Receive a weekly summary and discussion of the top papers of the week by leading researchers in the field.

In ACS applied materials & interfaces ; h5-index 147.0

In this study, a self-sorting sensor was developed with the ability to distinguish between different pressure regimes and translate the pressure to electrical signals. Specifically, the self-sorting sensor can distinguish between soft and hard pressure like the human skin, without any software assistance and complicated circuits. To achieve the self-sorting property, Janus-like jagged structures were prepared via an all-solution process of spontaneous chemical patterning; they comprised electrically semi-insulating vertices and highly conductive valleys. This unique structure facilitates the detection and determination of the intensities and types of pressure by providing a significant gap between the current levels of two types of states, similar to the function of fibers in the human tactile system. The fabricated sensors also exhibit high sensitivity and durability as well as low power consumption, as demonstrated by the electronic skin and ternary Morse signal applications. Compared with conventional wearable pressure sensors, this sensor can detect signals without additional programming; thus, it is highly suitable for delay-sensitive, energy-efficient sensor applications such as driverless vehicles, autonomous artificial intelligence technology, and prosthetic devices.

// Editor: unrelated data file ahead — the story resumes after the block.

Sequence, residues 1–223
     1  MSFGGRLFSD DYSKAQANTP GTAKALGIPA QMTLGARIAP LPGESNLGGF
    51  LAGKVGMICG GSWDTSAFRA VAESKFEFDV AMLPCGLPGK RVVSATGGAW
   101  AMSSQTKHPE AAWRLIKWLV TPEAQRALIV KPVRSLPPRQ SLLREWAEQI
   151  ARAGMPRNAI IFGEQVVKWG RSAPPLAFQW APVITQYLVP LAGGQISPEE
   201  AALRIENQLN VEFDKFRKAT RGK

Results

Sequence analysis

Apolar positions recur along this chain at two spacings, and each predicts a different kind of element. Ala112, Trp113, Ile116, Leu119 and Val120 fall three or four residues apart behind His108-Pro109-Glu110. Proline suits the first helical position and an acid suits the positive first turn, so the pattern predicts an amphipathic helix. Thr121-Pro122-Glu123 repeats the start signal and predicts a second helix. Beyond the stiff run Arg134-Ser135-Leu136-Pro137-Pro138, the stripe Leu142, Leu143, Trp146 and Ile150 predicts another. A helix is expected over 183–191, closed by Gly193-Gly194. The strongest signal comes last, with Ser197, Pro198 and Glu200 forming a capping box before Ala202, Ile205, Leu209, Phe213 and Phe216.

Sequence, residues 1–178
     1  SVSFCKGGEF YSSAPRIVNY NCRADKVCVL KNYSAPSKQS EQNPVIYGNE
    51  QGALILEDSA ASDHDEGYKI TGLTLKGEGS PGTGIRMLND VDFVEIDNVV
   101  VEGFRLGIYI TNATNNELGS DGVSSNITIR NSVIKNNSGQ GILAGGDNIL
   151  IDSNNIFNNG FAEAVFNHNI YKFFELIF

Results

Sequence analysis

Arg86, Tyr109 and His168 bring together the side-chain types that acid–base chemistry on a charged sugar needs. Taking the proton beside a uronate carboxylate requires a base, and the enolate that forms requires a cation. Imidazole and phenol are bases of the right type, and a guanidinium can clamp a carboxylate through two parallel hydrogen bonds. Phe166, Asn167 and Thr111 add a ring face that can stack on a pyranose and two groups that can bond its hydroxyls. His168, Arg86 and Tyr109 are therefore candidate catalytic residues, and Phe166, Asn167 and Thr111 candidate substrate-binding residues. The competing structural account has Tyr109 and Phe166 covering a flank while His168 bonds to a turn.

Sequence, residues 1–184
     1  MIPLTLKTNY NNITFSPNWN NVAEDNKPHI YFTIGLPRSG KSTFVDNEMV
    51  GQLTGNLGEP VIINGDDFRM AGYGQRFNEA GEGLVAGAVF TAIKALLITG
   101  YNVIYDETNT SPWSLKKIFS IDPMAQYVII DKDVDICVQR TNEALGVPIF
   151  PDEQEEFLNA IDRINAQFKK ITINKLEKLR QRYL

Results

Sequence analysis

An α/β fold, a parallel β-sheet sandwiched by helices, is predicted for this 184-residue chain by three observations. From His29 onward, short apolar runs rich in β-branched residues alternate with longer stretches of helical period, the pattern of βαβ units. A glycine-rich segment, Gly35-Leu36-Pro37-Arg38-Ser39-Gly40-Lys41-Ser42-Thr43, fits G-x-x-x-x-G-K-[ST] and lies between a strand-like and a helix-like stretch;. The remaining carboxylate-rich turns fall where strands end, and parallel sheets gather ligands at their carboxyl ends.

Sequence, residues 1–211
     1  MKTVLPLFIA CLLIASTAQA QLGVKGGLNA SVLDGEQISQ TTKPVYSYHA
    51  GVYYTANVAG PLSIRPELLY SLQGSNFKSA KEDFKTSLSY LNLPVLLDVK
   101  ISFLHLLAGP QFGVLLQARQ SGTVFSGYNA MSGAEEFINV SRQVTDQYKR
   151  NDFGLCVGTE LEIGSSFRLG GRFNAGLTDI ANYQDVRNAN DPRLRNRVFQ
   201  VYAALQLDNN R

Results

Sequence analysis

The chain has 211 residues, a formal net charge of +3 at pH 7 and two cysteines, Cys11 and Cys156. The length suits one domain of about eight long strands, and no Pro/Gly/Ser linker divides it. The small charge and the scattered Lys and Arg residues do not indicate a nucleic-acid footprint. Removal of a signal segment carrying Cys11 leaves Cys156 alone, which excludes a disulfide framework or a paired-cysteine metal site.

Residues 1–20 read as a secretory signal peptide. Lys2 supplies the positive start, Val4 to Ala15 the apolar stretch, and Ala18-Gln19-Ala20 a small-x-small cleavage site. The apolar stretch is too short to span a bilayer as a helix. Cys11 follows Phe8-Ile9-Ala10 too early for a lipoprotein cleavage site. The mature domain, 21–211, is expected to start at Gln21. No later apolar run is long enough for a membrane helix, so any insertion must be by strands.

Jung Byung Ku, Jeon Sanghyun, Woo Ho Kun, Park Taesung, Ahn Junhyuk, Bang Junsung, Lee Sang Yeop, Lee Yong Min, Oh Soong Ju

2021-Jan-29

interface engineering, ligand engineering, nanocrystal, self-sorting, solution processes, tactile sensor, wearable pressure sensor